Doug Kreeger

Singer, Writer, Dog Lover

The official home of Doug Kreeger

August 21, 2014

“Coming Out… Again”

I never planned to share this deeply in a public forum, but after the suicide of Robin Williams on August 11, and the resulting flood of discussion, opinions, and confessions regarding depression and mental illness in the news and on social media, I can no longer fight this need to share my own journey. For most of my friends and family this will be their first time hearing this.

Depression has been a daily struggle for me for as long as I can remember. The feeling is with me every day to varying degrees, without regard to circumstance. When it hits hardest, it is a heavy, physical, draining ache that stretches the length of my body, from the crown of my head to the soles of my feet. Most notably, my stomach presents a hollow, churning, sinking feeling, and I feel inexplicably exhausted. The simplest tasks feel impossible, like eating or showering or standing upright. Depression falls over my brain like a warm blanket, a deceitfully soothing feeling which insists that my only option is a full retreat from human interaction, while the alternative elicits major physical and mental anxiety. What’s more, my depression deviously convinces me that my self-destructive thoughts are real.

Every joyful, transcendent moment I have experienced in life, either while playing a character on stage or while sharing moments with friends and family, has also coexisted with the deep pain and sadness I secretly carried. Often I would find solace and validation in these theatrical fantasy worlds because I was allowed to be ugly, imperfect, or damaged, and audiences literally applauded my exercises in emotional exorcism. But later, as I sat alone in my apartment hurting myself physically and emotionally, the audience was silent.

As I transitioned into my late 20’s, and as I continued to retreat further into the chaos of my thoughts, I found it harder and harder to be on stage, or to even interact socially offstage. I was scared that people could see my painful struggle, and I was ashamed. My stage fright escalated to uncontrollable levels, and connecting with people via music became impossible to endure. Meanwhile, I increasingly managed my fears via various methods of self-medication and substance abuse, without any satisfaction.

After a terrifying and debilitating panic attack at age 29, which I kept secret from everyone, by my 30th birthday I had reached my deepest rock bottom. I was scared, confused, and exhausted. This is a large part of why I moved from New York City to Los Angeles three years ago at age 32, feeling that I needed clarity and also knowing that the emotionally unstable life I had built during 14 years in NYC was not going to support this journey. So, I relocated to the City of Angels, a city as equally obsessed with self-improvement as it is with ego, with my only plan being the pursuit of my own happiness.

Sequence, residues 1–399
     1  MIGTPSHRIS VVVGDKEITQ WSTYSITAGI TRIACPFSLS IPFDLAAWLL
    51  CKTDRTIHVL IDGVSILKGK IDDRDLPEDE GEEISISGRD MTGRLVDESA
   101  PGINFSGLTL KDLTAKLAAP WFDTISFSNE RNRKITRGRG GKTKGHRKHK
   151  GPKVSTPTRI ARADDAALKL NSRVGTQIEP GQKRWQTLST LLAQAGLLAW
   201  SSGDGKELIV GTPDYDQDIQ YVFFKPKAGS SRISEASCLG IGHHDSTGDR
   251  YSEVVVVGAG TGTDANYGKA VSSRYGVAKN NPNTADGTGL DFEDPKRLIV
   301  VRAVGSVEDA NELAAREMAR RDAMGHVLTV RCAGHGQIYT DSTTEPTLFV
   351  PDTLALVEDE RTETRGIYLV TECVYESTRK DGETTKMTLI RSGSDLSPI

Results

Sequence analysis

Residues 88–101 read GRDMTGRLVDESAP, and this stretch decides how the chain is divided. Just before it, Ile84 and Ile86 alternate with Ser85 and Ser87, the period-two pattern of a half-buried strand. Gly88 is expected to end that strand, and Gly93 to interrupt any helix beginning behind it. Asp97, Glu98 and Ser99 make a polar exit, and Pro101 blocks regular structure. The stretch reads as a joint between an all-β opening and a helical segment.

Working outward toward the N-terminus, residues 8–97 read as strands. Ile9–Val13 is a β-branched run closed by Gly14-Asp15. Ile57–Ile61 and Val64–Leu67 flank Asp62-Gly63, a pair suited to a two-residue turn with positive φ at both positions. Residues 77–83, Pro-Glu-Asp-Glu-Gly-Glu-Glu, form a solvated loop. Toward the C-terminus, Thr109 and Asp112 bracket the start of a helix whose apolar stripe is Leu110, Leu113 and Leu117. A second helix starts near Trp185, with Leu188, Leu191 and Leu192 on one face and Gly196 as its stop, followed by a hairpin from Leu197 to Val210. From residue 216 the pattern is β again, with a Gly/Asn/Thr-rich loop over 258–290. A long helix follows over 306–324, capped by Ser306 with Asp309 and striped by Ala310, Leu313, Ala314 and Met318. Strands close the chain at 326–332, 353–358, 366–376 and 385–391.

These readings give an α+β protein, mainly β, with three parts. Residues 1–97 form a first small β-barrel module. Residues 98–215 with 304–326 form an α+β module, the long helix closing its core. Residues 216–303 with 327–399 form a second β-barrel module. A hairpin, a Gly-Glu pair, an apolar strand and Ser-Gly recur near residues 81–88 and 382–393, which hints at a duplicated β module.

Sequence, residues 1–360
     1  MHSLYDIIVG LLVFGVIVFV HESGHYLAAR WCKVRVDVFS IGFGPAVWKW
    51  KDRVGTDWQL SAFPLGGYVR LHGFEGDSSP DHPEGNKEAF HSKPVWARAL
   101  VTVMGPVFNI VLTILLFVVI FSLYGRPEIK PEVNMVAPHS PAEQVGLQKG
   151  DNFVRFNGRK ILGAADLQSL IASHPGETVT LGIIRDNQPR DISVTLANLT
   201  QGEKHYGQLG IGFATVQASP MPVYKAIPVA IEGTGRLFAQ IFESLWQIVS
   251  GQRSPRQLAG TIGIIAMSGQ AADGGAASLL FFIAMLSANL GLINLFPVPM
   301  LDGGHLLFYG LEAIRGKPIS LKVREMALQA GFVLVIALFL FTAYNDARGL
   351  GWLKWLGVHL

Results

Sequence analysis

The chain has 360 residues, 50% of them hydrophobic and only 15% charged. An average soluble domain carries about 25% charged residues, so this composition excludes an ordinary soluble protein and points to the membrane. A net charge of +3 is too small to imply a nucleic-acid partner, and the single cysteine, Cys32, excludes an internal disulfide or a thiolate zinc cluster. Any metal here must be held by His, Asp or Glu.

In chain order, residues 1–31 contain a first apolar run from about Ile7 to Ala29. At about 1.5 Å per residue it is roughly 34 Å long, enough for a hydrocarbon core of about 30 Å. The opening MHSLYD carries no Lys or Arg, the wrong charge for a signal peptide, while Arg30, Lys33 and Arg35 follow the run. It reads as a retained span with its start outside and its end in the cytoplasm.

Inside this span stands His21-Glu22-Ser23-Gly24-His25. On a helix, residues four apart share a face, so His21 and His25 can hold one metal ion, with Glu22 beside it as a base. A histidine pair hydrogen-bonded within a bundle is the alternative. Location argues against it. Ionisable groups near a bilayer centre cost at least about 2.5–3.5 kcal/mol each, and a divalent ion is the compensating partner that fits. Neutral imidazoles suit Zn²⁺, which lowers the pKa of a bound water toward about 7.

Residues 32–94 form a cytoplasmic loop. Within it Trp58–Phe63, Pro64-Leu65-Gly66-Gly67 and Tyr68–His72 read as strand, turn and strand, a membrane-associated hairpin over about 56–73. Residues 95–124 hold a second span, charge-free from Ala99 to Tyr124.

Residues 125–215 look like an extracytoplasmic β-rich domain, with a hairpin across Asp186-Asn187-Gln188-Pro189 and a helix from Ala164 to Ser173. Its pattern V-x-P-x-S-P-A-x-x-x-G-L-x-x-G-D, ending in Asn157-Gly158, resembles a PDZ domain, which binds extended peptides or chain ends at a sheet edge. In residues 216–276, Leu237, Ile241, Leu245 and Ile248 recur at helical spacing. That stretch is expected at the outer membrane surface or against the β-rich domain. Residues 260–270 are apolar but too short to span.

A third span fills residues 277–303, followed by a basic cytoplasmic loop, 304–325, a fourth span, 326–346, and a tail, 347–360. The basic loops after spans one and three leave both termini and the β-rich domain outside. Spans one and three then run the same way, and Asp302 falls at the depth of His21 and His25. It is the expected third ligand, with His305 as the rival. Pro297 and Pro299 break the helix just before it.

Once I had arrived in LA, I confessed my stage fright to a trusted friend, and he told me I didn’t have to live riddled with anxiety. This was news to me. He helped me begin my journey towards better understanding the separation of my critical mind from my true mind. I devoured books on the subject, and absorbed podcasts and videos led by various gurus. I learned to meditate in an effort to differentiate between my various brain chatter. Only then did I start to understand that the self-destructive voice in my head was not the real me, and because of that realization I was finally ready to start fighting back. I secured an office job, mostly for the health insurance and stability, and I reached out to another caring friend for a therapist referral.

My first and only previous experience with therapy had been one session when I was 15 years old. It was through this session that I found the forum to come out to my parents as gay, and they were loving and supportive. I remember feeling that I could no longer hide part of my identity from my friends and family, as anyone who has come out of the closet can likely identify. Meanwhile, all of my deeper, depressive shame was overshadowed by this dramatic acknowledgment of my sexuality, and I never returned to therapy again, feeling I was destined to live the rest of my life with this larger darkness, though at that young age I was not yet able to identify it as depression.